Adventuring Stateside: Happy Halloween!

Ahhhhh yes, it is Halloween. The day that the veil between this world and the next is at its thinnest, supposedly giving us mortals our best chance of communicating with the beyond.  More practically, it is the one day of the year that we are allowed to play dress up, take candy from strangers, rock out to the Ghostbusters theme, and scare the living daylights out of each other. It really is the best day.

Not to mention the joy of pumpkin carving! This pumpkinhead from Halloween past was met with a bit of distrust from the cats.

Anyhoo, as I said, Halloween is about scaring people, along with ghosts and goblins and the things that go bump in the night. So, as a little Halloween treat I’m going to take you to the spookiest haunted house I know: The Lemp Mansion in St. Louis, Missouri.

The Lemp Mansion at night

In the mid-1800’s, before the “King of Beers” was much more than a local brewery, the Lemps were building one of the largest, most innovative and powerful breweries in the United States. But by the mid 1900’s it was all gone. In those years, the Lemps enjoyed one of the biggest beer brands in the nation and amazing wealth – but those years also brought family misfortune, a headline-grabbing divorce, prohibition and three suicides in the family home. Much of what the Lemp family built is gone now, but their old mansion remains.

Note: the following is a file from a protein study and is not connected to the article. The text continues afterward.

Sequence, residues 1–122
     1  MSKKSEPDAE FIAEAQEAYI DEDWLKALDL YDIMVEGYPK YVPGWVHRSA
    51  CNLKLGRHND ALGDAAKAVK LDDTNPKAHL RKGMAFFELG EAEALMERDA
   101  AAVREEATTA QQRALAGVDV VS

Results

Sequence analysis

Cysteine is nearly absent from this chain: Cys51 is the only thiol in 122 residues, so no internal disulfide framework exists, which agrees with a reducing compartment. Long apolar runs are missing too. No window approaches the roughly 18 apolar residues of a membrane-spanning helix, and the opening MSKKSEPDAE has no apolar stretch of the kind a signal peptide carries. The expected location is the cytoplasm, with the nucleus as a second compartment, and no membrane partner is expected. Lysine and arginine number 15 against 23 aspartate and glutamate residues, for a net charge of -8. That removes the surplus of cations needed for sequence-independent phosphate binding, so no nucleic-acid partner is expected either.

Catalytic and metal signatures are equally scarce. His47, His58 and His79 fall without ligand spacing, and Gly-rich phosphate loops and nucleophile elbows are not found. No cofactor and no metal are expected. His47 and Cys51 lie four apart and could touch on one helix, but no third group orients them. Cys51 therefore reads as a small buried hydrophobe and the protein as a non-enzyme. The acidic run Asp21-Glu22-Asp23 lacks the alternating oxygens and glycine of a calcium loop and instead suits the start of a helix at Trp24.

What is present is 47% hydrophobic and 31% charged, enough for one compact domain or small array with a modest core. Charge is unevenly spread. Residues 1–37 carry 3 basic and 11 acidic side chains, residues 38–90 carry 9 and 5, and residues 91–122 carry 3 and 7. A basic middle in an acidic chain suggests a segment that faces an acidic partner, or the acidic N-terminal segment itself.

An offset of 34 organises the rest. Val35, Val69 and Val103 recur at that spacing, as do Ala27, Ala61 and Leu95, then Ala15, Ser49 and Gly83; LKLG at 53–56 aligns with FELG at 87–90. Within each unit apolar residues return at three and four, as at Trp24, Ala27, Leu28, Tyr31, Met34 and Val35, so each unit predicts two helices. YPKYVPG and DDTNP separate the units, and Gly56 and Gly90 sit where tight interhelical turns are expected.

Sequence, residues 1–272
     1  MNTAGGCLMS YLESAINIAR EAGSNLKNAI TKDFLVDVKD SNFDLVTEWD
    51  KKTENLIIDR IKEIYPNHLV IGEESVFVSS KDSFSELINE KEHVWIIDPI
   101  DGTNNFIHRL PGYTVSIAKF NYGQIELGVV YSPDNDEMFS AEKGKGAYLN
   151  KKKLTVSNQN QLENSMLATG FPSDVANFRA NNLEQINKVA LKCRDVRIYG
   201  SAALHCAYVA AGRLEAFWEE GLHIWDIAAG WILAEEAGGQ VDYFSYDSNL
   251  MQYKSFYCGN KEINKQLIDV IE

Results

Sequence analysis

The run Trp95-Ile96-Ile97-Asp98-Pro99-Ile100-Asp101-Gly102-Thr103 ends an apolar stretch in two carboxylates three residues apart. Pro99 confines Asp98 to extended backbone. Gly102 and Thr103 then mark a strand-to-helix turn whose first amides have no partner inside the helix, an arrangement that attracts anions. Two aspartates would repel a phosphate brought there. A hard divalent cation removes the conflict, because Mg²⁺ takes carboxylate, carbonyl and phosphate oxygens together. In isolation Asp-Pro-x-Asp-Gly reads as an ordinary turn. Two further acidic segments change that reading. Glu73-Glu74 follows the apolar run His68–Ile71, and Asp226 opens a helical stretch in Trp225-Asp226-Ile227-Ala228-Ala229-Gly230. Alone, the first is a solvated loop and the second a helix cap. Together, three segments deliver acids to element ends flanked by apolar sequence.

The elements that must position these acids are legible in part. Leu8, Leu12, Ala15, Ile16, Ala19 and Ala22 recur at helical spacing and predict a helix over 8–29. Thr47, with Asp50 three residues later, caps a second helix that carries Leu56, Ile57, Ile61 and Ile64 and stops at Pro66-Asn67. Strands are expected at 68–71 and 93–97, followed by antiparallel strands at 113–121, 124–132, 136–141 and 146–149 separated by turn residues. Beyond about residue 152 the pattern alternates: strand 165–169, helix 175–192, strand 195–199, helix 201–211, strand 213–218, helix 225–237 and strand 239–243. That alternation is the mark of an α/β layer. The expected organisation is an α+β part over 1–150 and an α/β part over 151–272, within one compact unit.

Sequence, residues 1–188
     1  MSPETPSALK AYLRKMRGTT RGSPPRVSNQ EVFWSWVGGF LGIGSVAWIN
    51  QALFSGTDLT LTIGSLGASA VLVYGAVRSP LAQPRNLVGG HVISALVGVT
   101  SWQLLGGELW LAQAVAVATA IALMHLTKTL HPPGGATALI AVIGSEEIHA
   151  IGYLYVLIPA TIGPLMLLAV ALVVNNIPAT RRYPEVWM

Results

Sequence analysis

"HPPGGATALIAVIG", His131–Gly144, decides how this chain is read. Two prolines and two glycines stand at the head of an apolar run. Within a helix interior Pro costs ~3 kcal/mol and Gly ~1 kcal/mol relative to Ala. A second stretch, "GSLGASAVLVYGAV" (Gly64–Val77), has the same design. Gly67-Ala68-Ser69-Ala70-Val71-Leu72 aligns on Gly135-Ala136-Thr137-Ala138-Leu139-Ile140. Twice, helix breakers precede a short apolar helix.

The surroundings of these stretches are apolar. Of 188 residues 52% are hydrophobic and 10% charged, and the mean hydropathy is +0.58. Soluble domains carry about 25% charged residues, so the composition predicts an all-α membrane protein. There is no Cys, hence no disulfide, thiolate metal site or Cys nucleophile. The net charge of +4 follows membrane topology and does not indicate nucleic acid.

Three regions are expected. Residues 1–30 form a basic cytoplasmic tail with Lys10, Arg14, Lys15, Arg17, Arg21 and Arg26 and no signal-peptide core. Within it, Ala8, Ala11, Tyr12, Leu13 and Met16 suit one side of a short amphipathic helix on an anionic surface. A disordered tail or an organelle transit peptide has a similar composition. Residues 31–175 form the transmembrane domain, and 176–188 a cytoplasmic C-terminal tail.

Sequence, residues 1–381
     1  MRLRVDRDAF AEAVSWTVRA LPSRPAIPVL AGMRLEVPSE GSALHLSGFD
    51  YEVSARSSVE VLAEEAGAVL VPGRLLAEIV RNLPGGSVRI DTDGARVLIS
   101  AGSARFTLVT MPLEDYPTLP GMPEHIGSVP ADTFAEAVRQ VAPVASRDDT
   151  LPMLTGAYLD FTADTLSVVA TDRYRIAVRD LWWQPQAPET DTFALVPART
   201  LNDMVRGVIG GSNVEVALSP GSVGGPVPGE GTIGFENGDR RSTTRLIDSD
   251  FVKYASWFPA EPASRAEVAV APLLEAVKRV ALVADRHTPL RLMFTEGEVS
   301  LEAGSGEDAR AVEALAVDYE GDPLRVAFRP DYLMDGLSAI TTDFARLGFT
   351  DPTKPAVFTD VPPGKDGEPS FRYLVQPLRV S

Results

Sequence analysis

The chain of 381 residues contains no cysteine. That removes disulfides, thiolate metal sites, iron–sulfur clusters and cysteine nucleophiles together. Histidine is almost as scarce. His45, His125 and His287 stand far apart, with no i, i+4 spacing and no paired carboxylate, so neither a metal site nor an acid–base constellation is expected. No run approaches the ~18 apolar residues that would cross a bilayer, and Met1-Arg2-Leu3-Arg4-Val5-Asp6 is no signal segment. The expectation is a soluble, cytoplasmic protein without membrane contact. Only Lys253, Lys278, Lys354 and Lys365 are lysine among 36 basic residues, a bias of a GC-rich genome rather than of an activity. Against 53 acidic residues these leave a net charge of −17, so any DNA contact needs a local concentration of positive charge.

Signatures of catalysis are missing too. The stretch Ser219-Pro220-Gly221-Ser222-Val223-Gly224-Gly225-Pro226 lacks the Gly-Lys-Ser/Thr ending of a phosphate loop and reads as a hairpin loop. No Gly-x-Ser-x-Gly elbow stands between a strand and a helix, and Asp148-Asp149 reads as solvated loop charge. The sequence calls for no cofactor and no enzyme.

The Atrium, one of my favorite rooms in the mansion

When I was young, my Mom would drive my brother and I by the old mansion to tell us the Lemp’s story. She also enjoyed putting a little scare into us – after all, rumor had it that a few ghostly Lemps might still be rattling around the house. Their story captured our imagination and we loved visiting the house to try and see something otherworldly. By that time a new family had purchased the house, and began faithfully restoring it as a restaurant/bed and breakfast.

The front dining room

As the mansion began to operate as a restaurant and restoration continued, people began to report strange happenings: ghostly footsteps, voices and apparitions. Today it attracts ghost hunters eager to communicate with any Lemps who might still be roaming the halls.

A close-up on one of the beautiful fireplaces in the home

So, is it haunted? Well with such a history it really should be, right? I’ve stayed overnight there twice, and while I haven’t come face to ghostly face with anyone, I can tell you that I’ve heard the piano play on its own, and a stack of dishes crash a few empty floors below (no broken dishes were ever found).

A group of ghost hunters head in. Wonder what they'll find...

Whether the Lemp Mansion is truly haunted or not is almost beside the point. The Lemp’s story is fascinating and heartbreaking; they built their American dream but then had to watch it slip away. I hope for their sake the Lemps are able to get some rest after all of that, but it really is more fun to think that they are still walking the halls of that beautiful mansion just waiting for an unsuspecting guest to come face to face with the past.

The Lion of Beers

Want to learn more about the Lemp family? Two excellent books have been written on them: Lemp: The Haunting History by Stephen P. Walker and Suicide and Spirits by Troy Taylor.


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